“Since the lockdown in March, 30,000 sellers have registered for the Humqadam program and 4,576 have been verified and are operational on Daraz,” said Imran Saleem, the Director of Commercial at Daraz in Pakistan. “The program was launched to empower the SME sector, which is critical to Pakistan’s economy, contributing 40% of the GDP and 80% of total non-agricultural employment.”
According to Muhammad Ammar Hassan, Chief Marketing Officer at Daraz, the enforced closure of stores selling non-essential items resulted in a spike in registrations from SMEs and brands seeking a quick direct to consumer channel – without the hassle of spending 90 days creating their own dot com.
In an interview with Hum TV, Hassan shared that within days of the lockdown in place, orders for groceries grew six times for items categorized as personal hygiene, disinfectants, and groceries, with shoppers relying on a third-party to ensure purchases passed every stage of sanitization. The Alibaba-owned marketplace splits revenue between brands and merchants, which make up 35pc and 65pc of its sellers.
Speaking to Profit, Saleem said that business revenue is currently split across electronics, lifestyle products, CPG, and fashion products at 40pc, 25pc, 20pc, and 15pc respectively. He said that travel and movement related product categories were on the decline, such as luggage, cameras, and drones, due to the postponement of vacations and international travel. Similarly, health products, groceries, and home & living products grew in sales with buying behavior indicating self improvement and home improvement as being important activities people are engaging in during the pandemic.
“Logistics remains tricky right now as we want to ensure the safety of our staff and customers,” said Saleem. “To determine which areas to steer clear of and navigate our planning accordingly is something that we have learned on the go and are rapidly improving our response time to the same. Customers have remained largely understanding of the on-ground situation and that really goes a long way in us planning and executing quick and safe deliveries.”
As an online marketplace backed by a courier service, respondents from Yayvo were the only ones in this survey to complain about supply chain issues. Tanvir Malik, head of operations and vendor management at Yayvo, told Profit that the business did not face any of the conventional challenges related to fulfilment and last-mile deliveries due to its parent company.
“This is the main reason why the unprecedented growth post lockdown allowed us to scale painlessly and we fulfilled quicker than any other online marketplace,” said Malik. “The bottleneck for us was primarily related to readiness of vendors and non-availability of products due to lockdown imposed in March. Because some vendors were closed and their products were not available, this eventually resulted in reduction in the assortment of products that were available on our marketplace.”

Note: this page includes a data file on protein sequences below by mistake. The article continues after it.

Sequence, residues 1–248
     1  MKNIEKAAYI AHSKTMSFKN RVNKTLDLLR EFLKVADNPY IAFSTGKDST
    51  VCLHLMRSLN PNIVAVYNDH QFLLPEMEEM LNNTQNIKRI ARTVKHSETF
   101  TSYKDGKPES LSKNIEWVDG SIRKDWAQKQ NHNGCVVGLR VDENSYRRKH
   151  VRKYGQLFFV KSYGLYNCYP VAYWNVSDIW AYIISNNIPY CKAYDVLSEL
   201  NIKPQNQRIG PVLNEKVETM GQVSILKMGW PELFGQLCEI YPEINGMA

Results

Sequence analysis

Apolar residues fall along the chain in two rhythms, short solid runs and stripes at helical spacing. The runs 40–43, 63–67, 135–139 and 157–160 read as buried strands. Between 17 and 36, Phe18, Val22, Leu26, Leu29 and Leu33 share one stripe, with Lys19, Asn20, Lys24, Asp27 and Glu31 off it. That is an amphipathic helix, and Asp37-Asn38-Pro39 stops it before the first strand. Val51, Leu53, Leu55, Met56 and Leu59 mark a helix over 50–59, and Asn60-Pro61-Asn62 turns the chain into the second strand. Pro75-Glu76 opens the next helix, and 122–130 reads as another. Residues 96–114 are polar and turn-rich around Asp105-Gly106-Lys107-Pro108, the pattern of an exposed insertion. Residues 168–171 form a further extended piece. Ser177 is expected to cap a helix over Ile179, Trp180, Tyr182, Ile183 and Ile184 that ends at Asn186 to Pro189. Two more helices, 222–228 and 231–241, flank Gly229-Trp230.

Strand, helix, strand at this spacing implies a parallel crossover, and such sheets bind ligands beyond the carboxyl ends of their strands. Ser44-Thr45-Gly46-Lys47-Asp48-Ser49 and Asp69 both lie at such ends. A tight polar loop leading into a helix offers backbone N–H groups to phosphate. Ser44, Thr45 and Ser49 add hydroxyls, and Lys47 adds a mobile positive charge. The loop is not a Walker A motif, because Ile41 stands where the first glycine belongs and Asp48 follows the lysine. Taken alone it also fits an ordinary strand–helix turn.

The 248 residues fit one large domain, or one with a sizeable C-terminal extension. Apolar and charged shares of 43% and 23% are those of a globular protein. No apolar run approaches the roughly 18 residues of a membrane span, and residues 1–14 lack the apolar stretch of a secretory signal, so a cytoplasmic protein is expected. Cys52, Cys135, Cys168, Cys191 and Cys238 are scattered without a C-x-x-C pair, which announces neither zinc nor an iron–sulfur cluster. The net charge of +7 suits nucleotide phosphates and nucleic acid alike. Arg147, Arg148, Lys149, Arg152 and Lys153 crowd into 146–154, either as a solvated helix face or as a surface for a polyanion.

Naturally, once the lockdown eased and businesses reopened, these challenges resolved themselves. But the new challenge that arose was some imported items becoming limited in availability due to travel restrictions. Speaking to Profit, Malik lamented that due to uncertainty and limited supply, major brands started operating on a trading model whereby they would receive inventory payment in advance instead of operating on commission model. He said that the trading model does not really fit into the e-commerce market and brands need to realize that commission model is the best win-win to boost their e-commerce sales.
Similar to most respondents to this study, Malik cited social media and search engines as an organic source of traffic that was ready to buy, with the remainder conversion traffic (see data chart) distributed across direct visits, paid media, referrals, branded partnerships and email drip campaigns. He said that while fashion oriented purchases initially fell, all product categories gradually picked up with every passing day of lockdown being eased.
“Categories like appliances, entertainment , fashion saw a decline initially but not a very significant one,” he said. “Tremendous growth was seen in categories like superstore, health and sports, beauty and grooming in initial days and continues on. Some categories picked up pace in later days including mobile, tablets and small electronics.”